What You Can and Can't Do Under New Zealand's COVID-19 Alert Level 2
Auckland is moving to Alert Level 2 for at least five days.
At 12pm on Wednesday, 17 February, 2021, Auckland will move to Alert Level 2 and rest of New Zealand will move to Alert Level 1. While the level drop means that the disease is contained, the risk of community transmission still remains. Ardern has previously said the core principal behind Level 2 is to "play it safe," in an effort to make life feel more normal and stay on our path of elimination. That means physical distancing between strangers will remain at two metres, but some rules outside of your bubble will be relaxed.
Can I visit friends and family outside my bubble?
Social video services like Houseparty and Zoom have been wonderful for connecting with friends and family during lockdown — but you'll soon be able to embrace loved ones (safely). Under Level 2, Ardern said that Kiwis no longer need to stick to their bubble and can begin to see family and friends again. She urged Kiwis to keep the numbers small, and it is "not the time for a large party at your home." It is also advised to play it safe by keeping surfaces clean, washing your hands, and adhering to safe distancing.
What about mass gatherings?
Mass gatherings like weddings, funerals, family events, concerts, religious services and public meetings are allowed with a maximum of 100 people. Both indoor and outdoor gatherings fall under this banner as long as public health measures can be maintained, including physical distancing and contact tracing. Indoor gatherings should be seated if possible, and should be approximately two hours long.
Will restaurants and cafes be open for dine-in?
In short, yes. Under Alert Level 3, businesses like restaurants, bars and cafes were open to look at alternative ways of working, meaning takeaway, contactless delivery and drive-thru services were open for business. In Level 2 only businesses that can follow the three S's can operate. That means people must be 'seated', people must be 'separated', and each table must have its own 'single server'. Public venues must also comply with conditions on gatherings, and undertake public health measures.
Can I head to the pub for a drink?
Yes, but like restaurants, each watering hole will need to stick to gathering and safety restrictions. You can have a wine, beer or low-calorie RTD, but you'll need to be seated, separated and served by one dedicated staff member.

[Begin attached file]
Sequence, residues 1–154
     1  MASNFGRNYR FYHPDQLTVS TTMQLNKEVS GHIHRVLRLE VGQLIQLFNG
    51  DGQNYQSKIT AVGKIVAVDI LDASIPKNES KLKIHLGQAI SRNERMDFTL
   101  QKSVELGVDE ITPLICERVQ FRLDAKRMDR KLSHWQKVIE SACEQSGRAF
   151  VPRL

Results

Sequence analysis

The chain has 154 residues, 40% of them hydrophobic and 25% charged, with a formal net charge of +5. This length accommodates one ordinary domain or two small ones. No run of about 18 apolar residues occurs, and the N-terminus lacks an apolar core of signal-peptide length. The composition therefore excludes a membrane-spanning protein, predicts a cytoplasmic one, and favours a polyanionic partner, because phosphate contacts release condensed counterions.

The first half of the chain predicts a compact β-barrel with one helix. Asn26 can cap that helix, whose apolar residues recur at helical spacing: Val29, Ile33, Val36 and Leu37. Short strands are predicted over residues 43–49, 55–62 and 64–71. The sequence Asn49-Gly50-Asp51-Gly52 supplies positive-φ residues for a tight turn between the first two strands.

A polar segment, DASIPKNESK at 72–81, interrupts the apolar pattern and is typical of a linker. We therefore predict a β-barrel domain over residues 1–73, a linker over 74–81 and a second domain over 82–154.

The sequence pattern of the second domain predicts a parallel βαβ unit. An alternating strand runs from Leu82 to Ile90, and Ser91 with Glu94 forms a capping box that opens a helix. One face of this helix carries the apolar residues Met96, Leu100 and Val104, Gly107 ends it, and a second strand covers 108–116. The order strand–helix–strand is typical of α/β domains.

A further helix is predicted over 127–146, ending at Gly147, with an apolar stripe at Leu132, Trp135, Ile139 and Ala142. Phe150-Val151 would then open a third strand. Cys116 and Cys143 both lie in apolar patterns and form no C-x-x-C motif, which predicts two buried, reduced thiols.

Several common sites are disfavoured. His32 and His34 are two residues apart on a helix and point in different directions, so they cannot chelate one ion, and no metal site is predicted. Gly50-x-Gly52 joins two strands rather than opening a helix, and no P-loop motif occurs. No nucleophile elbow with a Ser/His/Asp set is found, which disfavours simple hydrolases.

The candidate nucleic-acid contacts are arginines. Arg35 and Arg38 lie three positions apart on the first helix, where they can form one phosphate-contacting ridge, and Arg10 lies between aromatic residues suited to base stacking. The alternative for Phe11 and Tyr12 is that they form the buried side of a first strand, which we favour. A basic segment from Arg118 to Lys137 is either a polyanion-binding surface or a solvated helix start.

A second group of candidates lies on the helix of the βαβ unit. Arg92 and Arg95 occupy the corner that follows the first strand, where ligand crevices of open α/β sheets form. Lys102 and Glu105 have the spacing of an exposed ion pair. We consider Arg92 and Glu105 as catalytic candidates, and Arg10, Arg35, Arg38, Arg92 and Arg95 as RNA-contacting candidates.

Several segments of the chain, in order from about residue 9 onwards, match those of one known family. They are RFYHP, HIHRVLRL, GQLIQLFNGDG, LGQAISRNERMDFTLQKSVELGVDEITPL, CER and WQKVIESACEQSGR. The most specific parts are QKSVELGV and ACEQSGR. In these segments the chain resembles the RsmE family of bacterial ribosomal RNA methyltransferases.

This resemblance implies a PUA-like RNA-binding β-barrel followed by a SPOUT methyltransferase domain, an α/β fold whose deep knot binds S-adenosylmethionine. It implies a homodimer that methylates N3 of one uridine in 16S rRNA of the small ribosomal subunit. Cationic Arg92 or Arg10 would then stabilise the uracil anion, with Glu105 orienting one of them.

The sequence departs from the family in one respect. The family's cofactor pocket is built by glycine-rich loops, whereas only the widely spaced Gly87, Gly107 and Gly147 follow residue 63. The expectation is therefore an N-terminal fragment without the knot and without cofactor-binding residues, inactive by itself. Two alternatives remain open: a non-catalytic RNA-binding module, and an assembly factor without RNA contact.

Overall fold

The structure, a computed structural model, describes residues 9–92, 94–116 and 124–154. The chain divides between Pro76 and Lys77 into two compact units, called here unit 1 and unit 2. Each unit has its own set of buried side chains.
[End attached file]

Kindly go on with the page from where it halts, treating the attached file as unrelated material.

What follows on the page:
Can I go shopping?
Shopping malls and retail stores will also be open as long as they adhere to gathering and safety restrictions. Businesses will be asked to have a contact tracing system in place to keep records of customers to trace any outbreaks of the virus. There will also be physical distancing restrictions of one-metre between groups of customers. Local online shopping will also continue to be allowed through pre-order 'click and collect' arrangements and delivery.
Can I get a haircut?
It's highly likely that your quarantine cut is becoming unruly. The good news is that hairdressers and barbers will be allowed to open for business under Level 2. All operators must have a robust contact tracing system and good hygiene practices in place, and they must play it safe by wearing appropriate PPE equipment to mitigate the risk.
What about a massage?
It's the same as above for masseuses and beauticians that work in close proximity to other people — contact tracing, good hygiene and PPE.
Can I road trip to an out-of-town beach or holiday house?
Travel restrictions will also be lifted under Level 2. Where under Level 3 it was advised to 'keep it regional', the new alert allows domestic travel as long as you follow personal health measures. You will need to keep records of what travel services you use and keep track of who you have been in contact with. You should keep your distance from groups of people you don't know. You should minimise the number of places you stop on the way to your destination.
How about visiting the local community pool or gym?
Public venues including swimming pools and gyms will be open under the Alert Level 2, but there will be restrictions. You can do your usual exercise, sport and recreation activities, provided you can do them safely.
What about public sports?
You can play sports that involve close contact, but only if good contact tracing is maintained for training and games. For sports where it is possible to maintain physical distancing, such as tennis, you should try your best to keep two metres from other people. Professional leagues like Super Rugby and Premiership Netball can also go ahead at Alert Level 2 because they take place in controlled workplaces. Initially, they will happen without crowds but they can be broadcast.
And other public venues like museums and libraries?
Many public venues, such as museums, food courts and markets, will be open again at Alert Level 2. There will be restrictions in place including the requirement to keep groups of attendees one-metre apart. This might require limiting the number of people inside at once.
Published on February 17, 2020 by Stephen Heard